The Form of the Void

The sky spills out around you, a million-mile, sequined black blanket, rumpled and folded and curled warm about the curve of the horizon. This is how we learn geometry: the shape of mother's breast, the shape of mother earth, and as we nuzzle up against it, we taste the world with our infant lips. Pi r squared and my oral fixation.

In a manner of speaking, humanity is a lonely creature. Its many fronds spill out across the surface of the globe, waving in the geopolitical currents of time and tyranny, driven by the extremes of cold and of heat to seek the friendliest places, until it has sucked all the nutrition out from under its own feet. Not exactly a parasite, just... misguided. In colonies, it finds itself and knows the safety of numbers. But beyond its own species, the line of uncertainty looms large in the field of vision.

Is there really no other which thinks?

We have the cold comfort of visual similarity, cold because at the same time it chills us to our bones when we find our faces reflected back to us within the simian features of a creature in the trees. In an attempt to deflect the chill, we teach the language of children to the gentle ones, forming their hands into the emblems of speech, if only so that we shall not be alone, alone. It is, after all, a burden, this thinking.

It would not be so hard to look out at the emptiness of that light-filled firmament if we could only know that the questions with which we have populated it throughout the centuries are questions not echoed back by the cool mineral walls of a cavern but by the voice of one who knows the anguish of the mental limit. Even separated by a distance that cannot fit inside our skulls or behind a spaceship in the lifetime of a man, we might then know the peace of a populated universe.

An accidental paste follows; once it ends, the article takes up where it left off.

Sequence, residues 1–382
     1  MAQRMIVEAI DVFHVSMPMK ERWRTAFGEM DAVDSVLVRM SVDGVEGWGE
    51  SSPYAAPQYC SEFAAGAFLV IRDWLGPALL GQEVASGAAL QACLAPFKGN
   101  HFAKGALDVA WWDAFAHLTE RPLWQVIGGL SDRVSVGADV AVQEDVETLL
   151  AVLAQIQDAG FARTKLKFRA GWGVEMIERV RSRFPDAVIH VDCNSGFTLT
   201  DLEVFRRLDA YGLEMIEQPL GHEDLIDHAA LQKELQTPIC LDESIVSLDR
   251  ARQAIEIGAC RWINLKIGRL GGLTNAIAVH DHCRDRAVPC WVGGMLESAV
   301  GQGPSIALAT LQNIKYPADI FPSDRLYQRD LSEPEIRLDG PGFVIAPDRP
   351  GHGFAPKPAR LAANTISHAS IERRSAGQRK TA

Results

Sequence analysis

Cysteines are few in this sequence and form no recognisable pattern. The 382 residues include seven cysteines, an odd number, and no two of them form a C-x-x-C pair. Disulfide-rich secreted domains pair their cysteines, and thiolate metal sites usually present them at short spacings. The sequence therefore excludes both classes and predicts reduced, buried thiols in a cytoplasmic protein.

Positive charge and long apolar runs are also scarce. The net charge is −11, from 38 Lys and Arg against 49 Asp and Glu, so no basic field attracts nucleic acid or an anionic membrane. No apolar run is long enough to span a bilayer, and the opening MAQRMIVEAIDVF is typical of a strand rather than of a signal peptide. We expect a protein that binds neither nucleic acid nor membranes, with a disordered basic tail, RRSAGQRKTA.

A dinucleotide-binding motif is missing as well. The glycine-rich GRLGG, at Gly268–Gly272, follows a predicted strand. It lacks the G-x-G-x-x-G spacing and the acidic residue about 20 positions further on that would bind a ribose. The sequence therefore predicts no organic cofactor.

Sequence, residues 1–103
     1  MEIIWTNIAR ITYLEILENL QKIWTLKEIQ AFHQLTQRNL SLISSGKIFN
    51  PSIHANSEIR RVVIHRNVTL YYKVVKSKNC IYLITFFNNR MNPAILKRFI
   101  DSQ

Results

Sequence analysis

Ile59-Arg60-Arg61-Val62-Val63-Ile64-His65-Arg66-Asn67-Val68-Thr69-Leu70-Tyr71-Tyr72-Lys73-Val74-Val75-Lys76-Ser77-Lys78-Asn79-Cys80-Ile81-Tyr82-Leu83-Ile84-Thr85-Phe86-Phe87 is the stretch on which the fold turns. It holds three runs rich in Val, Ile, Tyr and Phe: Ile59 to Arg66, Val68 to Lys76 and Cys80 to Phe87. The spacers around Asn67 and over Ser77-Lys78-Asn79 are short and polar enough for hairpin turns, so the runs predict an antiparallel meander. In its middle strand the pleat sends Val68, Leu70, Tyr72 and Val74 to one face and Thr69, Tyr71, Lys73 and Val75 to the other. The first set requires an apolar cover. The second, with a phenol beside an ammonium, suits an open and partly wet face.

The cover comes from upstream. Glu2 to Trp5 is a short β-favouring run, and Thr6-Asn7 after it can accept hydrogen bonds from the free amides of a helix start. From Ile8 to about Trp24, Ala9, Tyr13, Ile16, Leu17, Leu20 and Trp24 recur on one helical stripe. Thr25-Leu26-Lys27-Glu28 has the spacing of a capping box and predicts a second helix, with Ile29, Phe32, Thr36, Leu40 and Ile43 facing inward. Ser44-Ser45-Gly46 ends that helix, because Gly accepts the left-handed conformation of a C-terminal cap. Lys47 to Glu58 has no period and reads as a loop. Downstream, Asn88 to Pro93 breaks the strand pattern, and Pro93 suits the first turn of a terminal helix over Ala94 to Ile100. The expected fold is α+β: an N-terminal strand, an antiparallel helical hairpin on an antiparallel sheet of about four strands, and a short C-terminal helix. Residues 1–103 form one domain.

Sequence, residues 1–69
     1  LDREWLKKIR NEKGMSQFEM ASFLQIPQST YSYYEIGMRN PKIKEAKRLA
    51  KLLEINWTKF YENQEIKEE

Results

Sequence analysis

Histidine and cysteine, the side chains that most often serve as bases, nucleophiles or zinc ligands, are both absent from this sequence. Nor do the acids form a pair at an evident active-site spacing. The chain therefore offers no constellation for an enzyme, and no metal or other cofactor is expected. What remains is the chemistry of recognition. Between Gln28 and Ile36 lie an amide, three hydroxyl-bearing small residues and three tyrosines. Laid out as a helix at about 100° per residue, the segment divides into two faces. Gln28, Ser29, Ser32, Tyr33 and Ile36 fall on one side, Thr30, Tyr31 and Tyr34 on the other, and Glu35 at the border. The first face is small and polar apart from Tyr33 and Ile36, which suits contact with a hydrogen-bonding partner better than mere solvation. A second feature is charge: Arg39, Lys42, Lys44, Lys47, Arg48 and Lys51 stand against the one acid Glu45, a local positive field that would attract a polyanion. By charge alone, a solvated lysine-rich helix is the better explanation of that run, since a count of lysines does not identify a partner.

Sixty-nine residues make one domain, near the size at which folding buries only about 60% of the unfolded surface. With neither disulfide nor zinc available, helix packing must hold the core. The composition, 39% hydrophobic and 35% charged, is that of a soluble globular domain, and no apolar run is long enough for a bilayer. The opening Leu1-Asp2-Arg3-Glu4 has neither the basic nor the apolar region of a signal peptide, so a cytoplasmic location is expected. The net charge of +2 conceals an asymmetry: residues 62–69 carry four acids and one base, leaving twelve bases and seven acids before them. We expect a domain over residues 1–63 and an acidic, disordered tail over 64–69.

The earth rotates fast, fast, and revolves fast too. But we feel it as the slowness of the summer dews, the quiet, hidden coalescence that draws the moisture to the leaf of grass; the wind does not whistle 'round our vessel in our hurried trip through space, but would that it did, that we could hear the music of the spheres. Then perhaps we'd have at least a lullaby to woo us gently to our sleep.

Today's Reads:
- The Down & Dirty: Making Peace with the Age-Old Practice of Eating White Dirt by Chuck Reece
- Bernie Sanders is a candidate for, not of, today's movements by Kate Aronoff
- Inmates Paint and Draw the Rich People They Think Should Be Behind Bars by Brian Josephs
- How being bilingual rewires your brain by Frida Garza
- Income inequality in China and the urban-rural divide by Nan Wu
- UN projects world population to reach 8.5 billion by 2030, driven by growth in developing countries
- A country on the brink: Millions go hungry in South Sudan by Benedict Moran
- Paris talks come at urgent moment for the planet by Heather Coleman
- World sets goal of eliminating hunger, but food aid remains underfunded by Benedict Moran
- Nevada Will Test the Breadth of the Bernie Sanders Revolution by Jeet Heer
- The Pious Attacks on Bernie Sanders's "Fuzzy" Economics by David Dayen
- How We Failed to Protect Kesha by Madeleine Davies
- The Invention of Female Adulthood by Elizabeth Winkler
- How John Roberts Can Save the Supreme Court by Simon Lazarus
- Marco Rubio's Big Test by Brian Beutler

"Famine, Affluence, and Morality" by Peter Singer
"Lifeboat Ethics: The Case Against Helping the Poor" by Garrett Hardin

...I also led a philosophy discussion today, and I'm suddenly realizing why I'm so braindead...

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